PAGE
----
Offline Mads

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One for all!


« Reply #7 - Posted 2013-02-01 13:18:42 »

Immediate mode is also considerably slower but I imagine that's less important than getting to grips with OpenGL for you right now.

How much, relative to "fancy" methods as well as Java2D? Do we have any charts?

Offline princec

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« Reply #8 - Posted 2013-02-01 13:41:05 »

A couple of years ago... I was limited to about 1000-1500 sprites @ 60Hz using immediate mode rendering. Now I can do 25,000. Obviously just ballpark figures but you get the general gist.

You might think that 1000 sprites is a lot but we regularly use a couple of thousand in our games and they "look" quite "simple", no?

Cas Smiley

Offline 20thCenturyBoy

Senior Member


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So much to learn, so little time.


« Reply #9 - Posted 2013-02-01 16:02:53 »

When you say "Immediate Mode" is that like the old NeHe tutorials on gamedev.net? Where you just define your vertices and output them?

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Offline StrideColossus
« Reply #10 - Posted 2013-02-01 16:08:49 »

When you say "Immediate Mode" is that like the old NeHe tutorials on gamedev.net? Where you just define your vertices and output them?

Yes.

i.e. methods such as glBegin/End, glVertex, glNormal, glColor, etc.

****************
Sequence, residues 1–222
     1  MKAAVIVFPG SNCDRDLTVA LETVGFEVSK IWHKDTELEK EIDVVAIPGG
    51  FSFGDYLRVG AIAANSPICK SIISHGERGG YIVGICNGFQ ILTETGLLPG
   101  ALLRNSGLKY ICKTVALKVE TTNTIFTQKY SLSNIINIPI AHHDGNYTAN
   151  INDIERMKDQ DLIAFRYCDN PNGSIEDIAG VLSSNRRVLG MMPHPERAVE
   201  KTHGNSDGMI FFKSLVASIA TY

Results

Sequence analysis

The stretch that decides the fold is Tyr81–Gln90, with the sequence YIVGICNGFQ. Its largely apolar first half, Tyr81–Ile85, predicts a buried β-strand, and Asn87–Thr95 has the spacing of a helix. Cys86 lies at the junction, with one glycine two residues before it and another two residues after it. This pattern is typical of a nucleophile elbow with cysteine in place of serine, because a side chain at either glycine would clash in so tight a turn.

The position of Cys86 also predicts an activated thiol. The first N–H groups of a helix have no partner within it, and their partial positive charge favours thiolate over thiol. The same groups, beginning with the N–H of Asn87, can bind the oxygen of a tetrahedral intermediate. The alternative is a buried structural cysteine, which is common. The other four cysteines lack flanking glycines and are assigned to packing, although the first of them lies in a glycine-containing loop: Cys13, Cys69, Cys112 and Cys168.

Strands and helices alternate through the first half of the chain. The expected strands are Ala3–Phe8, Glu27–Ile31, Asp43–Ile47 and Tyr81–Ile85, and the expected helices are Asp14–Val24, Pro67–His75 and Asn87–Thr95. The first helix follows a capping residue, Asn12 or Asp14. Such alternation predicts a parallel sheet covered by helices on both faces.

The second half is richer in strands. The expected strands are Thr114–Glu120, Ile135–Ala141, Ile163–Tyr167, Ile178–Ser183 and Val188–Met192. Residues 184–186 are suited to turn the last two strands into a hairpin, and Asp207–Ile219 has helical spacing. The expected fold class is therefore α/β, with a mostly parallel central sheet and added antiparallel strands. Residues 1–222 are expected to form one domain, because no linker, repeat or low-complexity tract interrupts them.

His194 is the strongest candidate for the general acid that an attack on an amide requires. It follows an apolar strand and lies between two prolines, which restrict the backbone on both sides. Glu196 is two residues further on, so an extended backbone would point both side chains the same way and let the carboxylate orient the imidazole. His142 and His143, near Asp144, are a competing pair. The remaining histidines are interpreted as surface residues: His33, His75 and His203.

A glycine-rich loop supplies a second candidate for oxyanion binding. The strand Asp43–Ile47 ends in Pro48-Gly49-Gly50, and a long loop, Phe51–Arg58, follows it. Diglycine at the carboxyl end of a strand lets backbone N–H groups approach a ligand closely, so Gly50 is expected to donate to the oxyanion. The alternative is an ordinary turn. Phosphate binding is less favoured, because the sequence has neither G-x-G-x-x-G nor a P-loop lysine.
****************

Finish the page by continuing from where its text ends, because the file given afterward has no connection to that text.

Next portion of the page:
Offline 20thCenturyBoy

Senior Member


Medals: 3


So much to learn, so little time.


« Reply #11 - Posted 2013-02-01 16:13:03 »


i.e. methods such as glBegin/End, glVertex, glNormal, glColor, etc.


Ah the old Redbook OpenGL 1.1 style?

Is it really worth learning that stuff only to have to discard it when using "modern" shader techniques?

"I have never done unit testing and I don’t find it a very useful concept" - Jonathan Blow
Offline princec

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« Reply #12 - Posted 2013-02-01 16:36:27 »

Yes. Because it's easy and it works with fewer of those "my screen is just black" moments.

Cas Smiley

Offline StrideColossus
« Reply #13 - Posted 2013-02-01 16:50:07 »

Quote

Ah the old Redbook OpenGL 1.1 style?

Is it really worth learning that stuff only to have to discard it when using "modern" shader techniques?

I would suggest yes it's definitely still worth it.  Getting something up and running with the older APIs is much quicker and easier - most of hard work is done for you (e.g. gluLookAt to set up your projection, matrix management, etc) meaning you can focus on your particular game or application until you're comfortable with OpenGL.  Once you've reached that point then I suggest you have a look at re-implementing using vertex and index buffers, VAOs, shaders/GLSL, etc. because (trust me) there's a lot of stuff to get to grips with - even just to get your texture-on-a-quad Wink - and you won't have 'wasted' much (if any) effort should you decide to switch to the non-deprecated (i.e. core profile) API.

However I'm thinking from the perspective of someone who's implementing an OpenGL app from the 'ground up' (which is my personal interest), as an alternative you might want to investigate using a higher-level library/engine such as libgdx* which builds on top of an OpenGL library (such as LWJGL) and provides a much richer API, there are plenty of tutorials and links in this and other forums.  Guess it depends on your particular interests.

* EDIT: Actually a better suggestion might be Slick since I believe it's specifically orientated towards 2D OpenGL, not my sphere of knowledge but might be worth checking out?  http://www.slick2d.org/